Campus Neues Palais
building 2, room 1.10
University of Potsdam
Am Neuen Palais 10
The Martinican poet, novelist, and theorist Edouard Glissant (1928-2011) is commonly considered to be among the most important postcolonial Francophone writers in the fields of Literary Studies, Cultural Studies, and Philosophy. Rooted in the specificity of Martinique and the creole realities of the Caribbean archipelago, Glissant’s theory of relation endorses the type of non-totalitarian universalism endorsed by the notion of micro-cosmopolitanisms. Underlying Glissant’s literary work – including a comprehensive oeuvre of essays, novels, and poetry – is a concern with the development a ‘politics of relation’ that is informed by a poetics of the world and an awareness of its radical diversity. Since the theoretical potentials of his conception of the political have not yet been explored in my view, the central interest guiding my thesis asks how Glissant’s conception of the political can be theoretically defined. At a historic juncture where the global political field is perceived as increasingly contingent and the aptitude of established political theories is being critically re-evaluated from postcolonial and decolonial perspectives, Glissant’s political thought offers a new conceptual and normative framework from the Global South that opens up an imaginative space for new political positionalities and communities.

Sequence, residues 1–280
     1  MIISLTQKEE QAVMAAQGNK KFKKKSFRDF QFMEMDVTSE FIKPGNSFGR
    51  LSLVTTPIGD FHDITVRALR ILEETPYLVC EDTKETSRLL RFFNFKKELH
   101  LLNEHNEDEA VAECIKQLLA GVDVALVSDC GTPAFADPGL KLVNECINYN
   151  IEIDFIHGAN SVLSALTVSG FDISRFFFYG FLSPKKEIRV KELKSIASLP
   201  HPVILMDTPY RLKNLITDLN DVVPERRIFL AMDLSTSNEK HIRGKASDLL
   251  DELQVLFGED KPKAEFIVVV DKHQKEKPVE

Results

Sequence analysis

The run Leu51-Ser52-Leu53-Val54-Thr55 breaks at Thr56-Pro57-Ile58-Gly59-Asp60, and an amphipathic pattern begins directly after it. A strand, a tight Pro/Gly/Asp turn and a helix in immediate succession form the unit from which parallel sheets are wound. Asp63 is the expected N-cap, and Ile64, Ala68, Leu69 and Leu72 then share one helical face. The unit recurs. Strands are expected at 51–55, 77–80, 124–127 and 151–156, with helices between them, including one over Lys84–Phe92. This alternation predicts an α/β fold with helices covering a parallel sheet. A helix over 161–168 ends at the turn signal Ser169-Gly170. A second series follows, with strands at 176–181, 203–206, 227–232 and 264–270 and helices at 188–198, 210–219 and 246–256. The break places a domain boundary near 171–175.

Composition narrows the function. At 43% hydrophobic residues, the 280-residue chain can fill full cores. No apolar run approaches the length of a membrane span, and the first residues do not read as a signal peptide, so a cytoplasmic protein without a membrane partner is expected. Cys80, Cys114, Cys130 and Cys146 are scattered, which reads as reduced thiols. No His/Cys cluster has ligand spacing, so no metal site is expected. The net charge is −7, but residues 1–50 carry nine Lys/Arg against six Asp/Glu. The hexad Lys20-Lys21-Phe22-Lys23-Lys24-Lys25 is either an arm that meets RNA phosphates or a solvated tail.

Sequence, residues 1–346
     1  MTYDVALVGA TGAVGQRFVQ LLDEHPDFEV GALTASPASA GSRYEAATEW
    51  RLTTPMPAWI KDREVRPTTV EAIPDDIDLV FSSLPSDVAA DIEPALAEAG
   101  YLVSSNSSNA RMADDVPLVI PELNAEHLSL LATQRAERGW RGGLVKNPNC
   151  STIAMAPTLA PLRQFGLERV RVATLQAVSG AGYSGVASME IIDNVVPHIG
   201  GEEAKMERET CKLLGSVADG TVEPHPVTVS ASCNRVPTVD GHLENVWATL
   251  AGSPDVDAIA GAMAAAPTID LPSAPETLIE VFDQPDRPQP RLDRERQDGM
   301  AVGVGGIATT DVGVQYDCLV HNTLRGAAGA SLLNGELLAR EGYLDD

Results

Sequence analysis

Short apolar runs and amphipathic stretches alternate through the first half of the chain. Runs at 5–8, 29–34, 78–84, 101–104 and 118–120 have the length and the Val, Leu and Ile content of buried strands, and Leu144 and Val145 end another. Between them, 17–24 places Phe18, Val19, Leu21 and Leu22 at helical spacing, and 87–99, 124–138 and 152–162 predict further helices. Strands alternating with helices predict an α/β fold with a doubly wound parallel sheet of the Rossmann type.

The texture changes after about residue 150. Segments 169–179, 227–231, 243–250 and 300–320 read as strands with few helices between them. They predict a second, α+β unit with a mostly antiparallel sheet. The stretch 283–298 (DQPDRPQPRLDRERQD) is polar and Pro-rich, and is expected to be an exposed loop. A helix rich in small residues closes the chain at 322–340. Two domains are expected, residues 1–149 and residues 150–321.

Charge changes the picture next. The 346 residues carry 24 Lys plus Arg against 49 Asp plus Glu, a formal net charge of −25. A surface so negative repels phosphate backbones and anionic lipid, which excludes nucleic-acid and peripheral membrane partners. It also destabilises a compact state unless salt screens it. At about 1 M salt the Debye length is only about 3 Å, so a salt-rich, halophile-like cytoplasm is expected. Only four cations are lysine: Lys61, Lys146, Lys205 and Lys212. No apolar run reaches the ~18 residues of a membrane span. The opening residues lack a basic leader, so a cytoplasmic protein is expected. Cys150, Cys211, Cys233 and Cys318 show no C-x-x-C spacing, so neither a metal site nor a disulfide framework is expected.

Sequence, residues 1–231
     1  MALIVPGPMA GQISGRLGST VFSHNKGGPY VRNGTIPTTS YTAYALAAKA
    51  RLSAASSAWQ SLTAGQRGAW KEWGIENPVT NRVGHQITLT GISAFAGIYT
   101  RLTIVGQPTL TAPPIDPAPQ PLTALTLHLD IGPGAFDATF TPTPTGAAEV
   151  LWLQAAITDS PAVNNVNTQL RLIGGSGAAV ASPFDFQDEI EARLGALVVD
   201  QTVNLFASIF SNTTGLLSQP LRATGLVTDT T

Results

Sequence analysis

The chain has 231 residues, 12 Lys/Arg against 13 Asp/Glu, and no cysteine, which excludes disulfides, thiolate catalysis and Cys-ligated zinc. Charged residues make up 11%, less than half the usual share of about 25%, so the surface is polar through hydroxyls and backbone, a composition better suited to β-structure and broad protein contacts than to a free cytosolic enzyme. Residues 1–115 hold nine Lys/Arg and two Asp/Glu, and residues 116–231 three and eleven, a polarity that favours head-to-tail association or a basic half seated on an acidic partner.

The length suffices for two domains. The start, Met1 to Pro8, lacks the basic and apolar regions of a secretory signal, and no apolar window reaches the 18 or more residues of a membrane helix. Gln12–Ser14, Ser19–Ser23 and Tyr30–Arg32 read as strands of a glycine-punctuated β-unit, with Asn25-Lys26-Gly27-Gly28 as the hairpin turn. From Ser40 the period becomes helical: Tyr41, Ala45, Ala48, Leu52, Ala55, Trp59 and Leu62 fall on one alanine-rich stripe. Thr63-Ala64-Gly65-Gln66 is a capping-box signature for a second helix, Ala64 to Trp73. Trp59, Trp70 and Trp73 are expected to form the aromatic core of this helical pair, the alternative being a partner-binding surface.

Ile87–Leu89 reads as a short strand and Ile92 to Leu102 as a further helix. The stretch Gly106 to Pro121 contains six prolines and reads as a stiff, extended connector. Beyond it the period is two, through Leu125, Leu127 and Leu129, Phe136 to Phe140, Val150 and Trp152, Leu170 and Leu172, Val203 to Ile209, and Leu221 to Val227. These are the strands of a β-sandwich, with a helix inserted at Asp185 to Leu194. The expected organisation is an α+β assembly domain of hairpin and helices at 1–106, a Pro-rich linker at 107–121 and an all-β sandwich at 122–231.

Moses März completed a Master’s degree in Political Science at the Free University Berlin (FU) in 2012. He then moved to Cape Town where he began the research for his PhD thesis on Edouard Glissant at the African Studies Department of the University of Cape Town (UCT). He completed his PhD dissertation in June 2020 as part of the Research Training Group Minor Cosmopolitanisms and is currently teaching at the Department for English and American Studies at the University of Potsdam. He is a senior editor for the Pan-African literary magazine Chimurenga Chronic and co-founder of the literary magazine Mittel und Zweck.